The analyses presented here show that clear positive correlation between recombination rate and genome size in plant species, and issues of repetitive DNA and genome expansion probably contrive to make the relationship found here an underestimate of the true correlation between genome size and euchromatic DNA. Nonetheless, the slope of the observed log–log regression never exceeded 0.25 and the above survey of the available data on euchromatic genome size provide little reason to believe that the true regression slope would be substantially higher. Recombination events require physical space along a chromosome, and a purely mechanistic view would predict change in recombination proportional to change in genome size and thus the space available for recombination events. There are several reasons to believe that this expectation is unrealistic, however. All bivalents, regardless of size, must have at least one chiasmata to ensure normal meiotic pairing and assortment (Dawe, 1998), and this effect will be exacerbated if crossover interference extends over a sizable length of the chromosome (Egel, 1995). Moreover, theoretical considerations suggest that even when recombination is selectively favoured a small amount of recombination is usually sufficient to break up correlations between loci (Burt, 2000) and excessive recombination can actually be detrimental (Barton, 1995), such that selection alone could constrain increases in recombination to be less than proportional to change in genome size.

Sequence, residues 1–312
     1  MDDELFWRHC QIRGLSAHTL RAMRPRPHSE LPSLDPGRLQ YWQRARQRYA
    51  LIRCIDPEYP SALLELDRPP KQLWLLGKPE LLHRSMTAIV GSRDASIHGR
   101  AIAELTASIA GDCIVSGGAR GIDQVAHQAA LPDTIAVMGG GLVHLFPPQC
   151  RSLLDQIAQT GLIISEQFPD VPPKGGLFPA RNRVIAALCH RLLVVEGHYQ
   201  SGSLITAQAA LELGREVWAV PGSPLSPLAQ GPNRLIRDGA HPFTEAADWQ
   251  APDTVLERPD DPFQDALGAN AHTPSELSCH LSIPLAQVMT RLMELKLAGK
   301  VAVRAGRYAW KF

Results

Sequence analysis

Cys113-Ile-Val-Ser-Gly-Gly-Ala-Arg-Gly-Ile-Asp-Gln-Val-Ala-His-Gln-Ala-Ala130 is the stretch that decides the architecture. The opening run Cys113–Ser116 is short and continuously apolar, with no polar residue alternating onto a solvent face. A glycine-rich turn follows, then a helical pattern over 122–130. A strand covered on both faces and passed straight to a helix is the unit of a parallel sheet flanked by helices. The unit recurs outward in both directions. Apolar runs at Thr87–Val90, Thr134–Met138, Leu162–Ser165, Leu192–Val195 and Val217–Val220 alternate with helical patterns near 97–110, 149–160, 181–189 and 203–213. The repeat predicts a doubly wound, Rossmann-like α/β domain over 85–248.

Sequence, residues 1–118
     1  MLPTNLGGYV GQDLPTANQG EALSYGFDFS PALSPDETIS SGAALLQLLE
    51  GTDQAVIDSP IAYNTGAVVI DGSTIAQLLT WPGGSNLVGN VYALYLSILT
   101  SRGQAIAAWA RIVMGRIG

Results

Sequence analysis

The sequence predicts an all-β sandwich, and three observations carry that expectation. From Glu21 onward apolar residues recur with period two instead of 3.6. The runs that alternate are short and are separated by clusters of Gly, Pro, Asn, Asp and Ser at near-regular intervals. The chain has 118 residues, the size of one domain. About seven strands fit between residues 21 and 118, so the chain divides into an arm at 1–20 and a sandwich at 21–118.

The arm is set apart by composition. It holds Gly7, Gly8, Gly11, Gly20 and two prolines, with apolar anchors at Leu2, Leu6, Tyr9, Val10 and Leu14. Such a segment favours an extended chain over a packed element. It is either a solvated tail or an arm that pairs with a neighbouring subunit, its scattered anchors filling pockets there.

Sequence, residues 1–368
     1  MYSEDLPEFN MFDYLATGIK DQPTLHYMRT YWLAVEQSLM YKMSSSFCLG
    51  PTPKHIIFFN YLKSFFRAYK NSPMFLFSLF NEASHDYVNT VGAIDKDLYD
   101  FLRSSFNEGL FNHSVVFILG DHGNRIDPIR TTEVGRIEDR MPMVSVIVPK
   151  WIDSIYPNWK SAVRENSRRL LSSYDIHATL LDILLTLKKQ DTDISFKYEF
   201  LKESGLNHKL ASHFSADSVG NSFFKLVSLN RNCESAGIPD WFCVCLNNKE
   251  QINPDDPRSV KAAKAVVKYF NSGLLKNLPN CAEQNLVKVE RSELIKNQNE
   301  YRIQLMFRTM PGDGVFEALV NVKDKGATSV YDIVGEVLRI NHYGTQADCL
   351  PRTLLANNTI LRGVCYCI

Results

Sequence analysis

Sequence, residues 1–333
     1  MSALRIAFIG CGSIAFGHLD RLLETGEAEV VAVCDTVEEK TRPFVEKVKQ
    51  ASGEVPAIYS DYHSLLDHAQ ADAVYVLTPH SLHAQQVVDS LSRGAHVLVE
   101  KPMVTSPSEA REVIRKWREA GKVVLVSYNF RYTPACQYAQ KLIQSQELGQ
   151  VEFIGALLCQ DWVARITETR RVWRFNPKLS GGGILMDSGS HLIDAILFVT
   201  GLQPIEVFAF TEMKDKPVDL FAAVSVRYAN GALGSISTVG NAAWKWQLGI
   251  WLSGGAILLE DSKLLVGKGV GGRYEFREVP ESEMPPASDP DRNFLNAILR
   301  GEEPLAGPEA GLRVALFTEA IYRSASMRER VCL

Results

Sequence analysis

I have shown in this paper that genome size is significantly correlated to recombination rate across a wide sampling of Angiosperm species even after correction for phylogenetic effects, and that change in genome size explains a meaningful proportion of the observed variation in recombination rate. Although the magnitude of the observed effect of genome size on recombination rate is comparable with the effects of several life-history characters previously linked to evolutionary change in recombination rate, consideration of processes of genome size change in angiosperms suggests that the observed correlation is likely a conservative estimate of the relationship between recombination and euchromatic genome size. And finally, although recombination rate was found to increase less than proportionally to change in genome size, a number of theoretical and mechanistic arguments suggest that this result is not unexpected.


I would like to thank E. Martins and E. Housworth for help with the COMPARE software, R. Mauricio and D. Promislow for statistical help, M. Arnold, K. Dawe, W. Parrott and S. Ross for helpful discussion, and J. Mank for advice and the motivation to write this paper. M. Arnold, S. Cornman, J. Hamrick, E. Kuntz, N. Martin, W. Parrott, S. Small and two anonymous reviewers helped improve previous drafts of this manuscript. Finally, both the manuscript and author have greatly benefited from the considerable guidance provided by S. Otto.